Financial Insights

Is Growth Dead? Finding Growth in a No-Growth Environment

Tweets screaming about growth. Headlines screaming about growth. Endless news flow screaming GROWTH IS DEAD! Yes, these lines breed fear, and fear sells news, but is the fear warranted? Is growth dead? Let’s step back and examine growth: what it is, what it means, and, ultimately how investors find it in a—OH NO—Low/No-Growth Environment.

What do we mean by “growth”? (We’ll concentrate on economic and financial metrics, leaving the personal side to those infinitely more capable in the “human” realm!) The first example could be growth in the number of a specific thing, say Bitcoin. Today there are 17.5 million Bitcoins in existence, and, at the current rate of creation, they will top out at 21 million in five-and-a-quarter years. That represents 3.7% compound annual growth in the number of Bitcoins in the universe. At that point, the growth rate will drop to zero, as the maximum number will have been reached. The total number of smartphones, automobiles, houses are common metrics that commentators get hung up on as signs of growth (or lack thereof) without any meaningful further examination. Is a Bitcoin a good investment simply because in 5 years there will be no more created? We have no idea and that’s not how we think about growth.

In the investment world, growth comes in many dimensions and flavors. A company’s revenue, or top-line, growth can come from increases in widgets sold, increases in the price of widgets sold (both organic growth), buying a competitor that also sells widgets (inorganic growth), or even taking market share from a competitor who sells inferior widgets. Earnings, or bottom-line, growth can come from selling the same number of widgets, but at the lower cost. Efficiency gains via automation or staff training may enable a company to lower the cost per widget, resulting in earnings growth. Even in seemingly stagnant environments, companies have multiple levers to pull to drive sales and/or earnings growth.

What a company does with its earnings is critical to understanding its investment merit. Dividend payments are a significant portion of total shareholder return and this bears out in virtually all global markets. As shown in the chart below, dividend payments represent anywhere from a 27% (South Korea) to 58% (France) share of total compound annual return to investors in various global markets for the 10-year period ending last December. Here, growth, as defined by compound annual return, is significantly enhanced by dividend payments.

Source: Bloomberg.

Big market drivers matter. A lot. Here, we’re talking about big picture things like population growth, migration, aging demographics. These statistics get a lot of headlines without diving very deeply into the details. Europe has, at best, stagnant population growth. Bad, right? Not for a company like the French firm Orpea, which runs elderly care facilities in 14 countries with over 96,000 beds. Demographics are playing directly into their growth strategy by design. Japan’s population is in outright decline. Bad, right? Not for pharmaceuticals company Santen, which focuses on ophthalmology—a growing market in a country with an aging population. Growth can be found beneath the surface of damning headlines.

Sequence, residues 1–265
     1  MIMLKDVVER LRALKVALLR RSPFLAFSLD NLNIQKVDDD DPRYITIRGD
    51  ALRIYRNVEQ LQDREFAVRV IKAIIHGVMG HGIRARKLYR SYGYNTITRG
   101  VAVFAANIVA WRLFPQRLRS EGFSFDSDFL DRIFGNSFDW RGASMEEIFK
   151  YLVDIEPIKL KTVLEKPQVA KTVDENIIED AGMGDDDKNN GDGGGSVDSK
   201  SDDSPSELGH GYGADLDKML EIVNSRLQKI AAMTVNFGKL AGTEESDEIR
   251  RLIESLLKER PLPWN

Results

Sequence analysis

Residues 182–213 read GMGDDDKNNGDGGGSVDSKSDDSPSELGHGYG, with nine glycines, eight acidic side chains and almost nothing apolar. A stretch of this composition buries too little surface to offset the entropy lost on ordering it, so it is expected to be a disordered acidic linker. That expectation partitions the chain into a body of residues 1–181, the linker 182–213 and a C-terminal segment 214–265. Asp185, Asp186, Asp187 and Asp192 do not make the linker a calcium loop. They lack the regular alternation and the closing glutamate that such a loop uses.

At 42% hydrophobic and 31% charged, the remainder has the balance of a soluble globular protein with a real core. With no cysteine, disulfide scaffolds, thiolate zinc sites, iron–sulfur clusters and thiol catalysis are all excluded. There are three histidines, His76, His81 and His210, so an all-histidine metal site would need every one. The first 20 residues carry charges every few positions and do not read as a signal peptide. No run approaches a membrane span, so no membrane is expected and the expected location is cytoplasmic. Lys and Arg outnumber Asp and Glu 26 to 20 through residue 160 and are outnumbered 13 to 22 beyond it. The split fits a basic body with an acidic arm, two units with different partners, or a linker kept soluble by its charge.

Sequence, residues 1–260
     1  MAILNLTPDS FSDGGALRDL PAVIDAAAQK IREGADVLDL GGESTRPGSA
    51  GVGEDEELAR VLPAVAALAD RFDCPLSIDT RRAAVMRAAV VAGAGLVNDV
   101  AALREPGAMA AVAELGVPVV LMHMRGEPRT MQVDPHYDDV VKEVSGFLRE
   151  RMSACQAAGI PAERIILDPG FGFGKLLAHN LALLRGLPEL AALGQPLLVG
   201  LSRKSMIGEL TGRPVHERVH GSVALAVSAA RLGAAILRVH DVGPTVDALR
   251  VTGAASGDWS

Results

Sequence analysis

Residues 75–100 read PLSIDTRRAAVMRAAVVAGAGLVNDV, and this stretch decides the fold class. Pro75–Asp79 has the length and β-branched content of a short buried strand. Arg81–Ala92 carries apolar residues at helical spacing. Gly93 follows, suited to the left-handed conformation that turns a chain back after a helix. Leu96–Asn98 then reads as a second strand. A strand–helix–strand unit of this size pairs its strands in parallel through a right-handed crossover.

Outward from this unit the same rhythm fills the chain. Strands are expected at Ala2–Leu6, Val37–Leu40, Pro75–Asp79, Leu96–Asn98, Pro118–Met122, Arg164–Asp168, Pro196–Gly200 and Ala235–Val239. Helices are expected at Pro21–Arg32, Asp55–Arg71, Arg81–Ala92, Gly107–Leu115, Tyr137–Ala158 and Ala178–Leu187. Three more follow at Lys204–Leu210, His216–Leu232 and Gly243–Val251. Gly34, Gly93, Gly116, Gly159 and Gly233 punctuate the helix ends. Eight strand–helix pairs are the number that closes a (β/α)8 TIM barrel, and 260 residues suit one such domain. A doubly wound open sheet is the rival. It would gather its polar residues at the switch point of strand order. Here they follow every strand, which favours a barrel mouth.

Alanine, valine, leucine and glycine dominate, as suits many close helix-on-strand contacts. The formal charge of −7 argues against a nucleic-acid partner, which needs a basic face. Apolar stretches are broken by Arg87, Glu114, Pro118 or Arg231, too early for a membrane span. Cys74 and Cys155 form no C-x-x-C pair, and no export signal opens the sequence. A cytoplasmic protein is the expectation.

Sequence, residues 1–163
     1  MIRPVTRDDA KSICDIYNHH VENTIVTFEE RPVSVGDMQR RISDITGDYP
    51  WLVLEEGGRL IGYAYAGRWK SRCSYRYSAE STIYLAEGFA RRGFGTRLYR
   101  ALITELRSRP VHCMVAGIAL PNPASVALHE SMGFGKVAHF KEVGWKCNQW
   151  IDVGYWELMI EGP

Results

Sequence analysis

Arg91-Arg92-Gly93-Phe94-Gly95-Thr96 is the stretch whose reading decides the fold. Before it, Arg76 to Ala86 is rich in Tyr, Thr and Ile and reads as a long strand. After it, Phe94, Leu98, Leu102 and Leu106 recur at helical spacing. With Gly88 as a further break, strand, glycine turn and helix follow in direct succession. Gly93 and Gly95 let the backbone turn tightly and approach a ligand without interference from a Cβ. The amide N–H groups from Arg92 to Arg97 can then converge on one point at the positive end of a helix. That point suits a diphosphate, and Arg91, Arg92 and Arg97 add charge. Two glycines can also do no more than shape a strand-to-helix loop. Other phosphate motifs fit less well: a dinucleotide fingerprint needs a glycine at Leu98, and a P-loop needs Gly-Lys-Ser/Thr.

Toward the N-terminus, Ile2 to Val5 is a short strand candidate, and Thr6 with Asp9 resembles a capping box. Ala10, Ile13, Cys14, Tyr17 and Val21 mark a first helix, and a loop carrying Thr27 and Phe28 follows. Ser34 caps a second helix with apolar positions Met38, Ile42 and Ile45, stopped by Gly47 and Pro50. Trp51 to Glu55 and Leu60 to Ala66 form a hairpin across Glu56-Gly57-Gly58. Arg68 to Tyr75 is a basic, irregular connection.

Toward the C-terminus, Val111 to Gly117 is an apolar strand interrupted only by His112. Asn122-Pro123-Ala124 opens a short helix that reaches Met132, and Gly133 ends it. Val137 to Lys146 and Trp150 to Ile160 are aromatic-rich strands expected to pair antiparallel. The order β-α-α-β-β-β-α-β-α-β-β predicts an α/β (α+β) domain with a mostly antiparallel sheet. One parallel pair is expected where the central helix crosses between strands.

Last week, my colleague, Dr. JoAnne Feeney, wrote about the importance of stock selection. Here, we have dived in a little deeper to uncover growth where, at first glance, it appears to be lacking. Looking past the headlines and into the story behind stocks is critical to the stock selection process Dr. Feeney highlighted. We are finding growth stories around the world, so, no, MaryLou, growth is definitely NOT dead.

The foregoing content reflects the opinions of Advisors Capital Management, LLC and is subject to change at any time without notice. Content provided herein is for informational purposes only and should not be used or construed as investment advice or a recommendation regarding the purchase or sale of any security. There is no guarantee that the statements, opinions or forecasts provided herein will prove to be correct. Past performance may not be indicative of future results. Indices are not available for direct investment. Any investor who attempts to mimic the performance of an index would incur fees and expenses which would reduce returns. Securities investing involves risk, including the potential for loss of principal. There is no assurance that any investment plan or strategy will be successful.


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